Benefits of Summer College Visits

Posted by Neal Schwartz on June 22, 2017

YOu have heard the negatives of summer college visits, what are the positives?


I gained a new perspective on college visits from a recent article by Nancy Griesemer of Admission Intel . For many years, I had only preached the negatives of summer college visits, that families should avoid college visits during the summer due to the lack of students and activities on campus. But, I now see the other side; the positives of seeing a school during the summer:

  • More quality time with admissions representatives and professors
  • Less crowded tours
  • Greater chance that both parents will be available to make the trip
  • Ability to assess the school's location and the off-campus environment
  • Less stressful and less distractions
  • No high school academic schedule to deal with, less overlap with athletic and extracurricular schedules


With school out and the beach beckoning, you might be wondering how to interest your Rising Junior or Senior in anything but a towel and a bathing suit. As a parent with three college graduates, I can tell you that it doesn’t take long to wish they were back in school. Whether it is vacations, summer jobs, sports teams or hanging out at the pool, we are all on different schedules during the summer. But, there should still be time to plan some college work. Nancy Griesemer outlines a long list of productive things that a rising Junior or Senior can do over the summer.


If you have a high school student and want to get started on the right path, contact us at 914-273-2353, or visit us at: 


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Topics: college admissions, admission advice, life on campus, college tours, campus visits, visiting colleges

What you need to know about Demonstrated Interest

Posted by Neal Schwartz on June 06, 2017



  • Demonstrated interest means different things to different colleges, but it generally shows how interested a student is in attending a particular college and gauges how likely they are to enroll there.. After the transcript, SAT/ACT scores, student resume, and college application essays, the next most important student attribute is how well they have demonstrated their interest in a school.

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Topics: college admissions, admission advice, life on campus, applications, college tours, campus visits, visiting colleges, college yield rates, supplemental essays, demonstrated interest, college acceptance rates

College Visit Basics Plus 3 Bonus Tips

Posted by Neal Schwartz on April 07, 2017
Although this advice could be used all year long, many high school juniors will be visiting college campuses during Spring break. Keep these ideas in mind:

The Basics; Tried and true advice:

  • Officially record your visit by logging in at the admissions office. This is usually associated with the official information session. A visit without a record will NOT be recognized.
  • Take Pictures to document the college tour.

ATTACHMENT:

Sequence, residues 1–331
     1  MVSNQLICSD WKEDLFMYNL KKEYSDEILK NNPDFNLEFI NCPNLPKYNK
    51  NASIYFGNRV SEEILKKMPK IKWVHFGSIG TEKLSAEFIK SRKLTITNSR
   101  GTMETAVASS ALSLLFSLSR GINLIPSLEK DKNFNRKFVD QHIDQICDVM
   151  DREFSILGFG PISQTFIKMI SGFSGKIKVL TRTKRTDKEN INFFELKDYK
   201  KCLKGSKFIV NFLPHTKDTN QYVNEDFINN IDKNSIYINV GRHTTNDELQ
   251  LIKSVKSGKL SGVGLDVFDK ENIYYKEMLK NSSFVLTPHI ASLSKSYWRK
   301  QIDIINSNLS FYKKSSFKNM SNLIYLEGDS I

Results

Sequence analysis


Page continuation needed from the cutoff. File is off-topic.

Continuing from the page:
• Take notes immediately after each visit as a family. If you are visiting similar schools, their pitches may be difficult to differentiate, and they will blend together after you leave. By sharing notes, the different things your family may have heard or seen will have be more meaningful.
  • Make sure you have enough quality time at each school to make an educated decision. Most schools have both a one hour information session and a one hour tour. Find out when the last sessions or tours are; if you get to the college in the afternoon, you may only have time for one. Plan your trip well in advance. 
  • Try not to visit while students are taking final exams.
  • Pick up a student newspaper. It might highlight issues on campus that are not mentioned in the info session or admissions office.


Bonus Tips:


Tip #1 – Get off the tour and talk to some real students  

A tour guide can make or break your student’s feelings about the school. A less than enthusiastic guide or one to whom your student does not relate, can totally turn them off. If you can talk to students off the guided tour, you will get a genuine perspective of the school that hasn’t been “coached” by the admissions office. Where do you find these off-the-tour students? Plan to eat in the dining hall and visit the student center. Have your student contact academic departments in advance and, if possible, sit-in on a class. They might even be able to talk to a professor. If your student can stay overnight with a student, that experience can be invaluable. 

Tip #2 – Find a time to visit other than school breaks  

As attractive as vacation time may be for school visits, you will likely be herded around campus in larger groups than normal, which will impact your lens into that school. Better would be a regular school week, if you can get some time off. If your trip was booked well in advance and you are already on your way, take a look at Tip #1!

Tip #3 - Find out who your Admissions rep is

Be sure to get the email of the admissions person in charge of applications and visits for your region. This is who will be reading your application first. They may even know their upcoming schedule for visiting your student’s high school. Most people don't take advantage of this tip. If your student can get to know the regional rep, who can then relate their essay to a face and a visit, that could very well mean the extra nudge for admission. 

If you have an early high school student and want to get started on the right path, contact us at 914-273-2353, or visit us at: 


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Topics: college admissions, admission advice, life on campus, applications, college tours, campus visits, visiting colleges, campus visit tips


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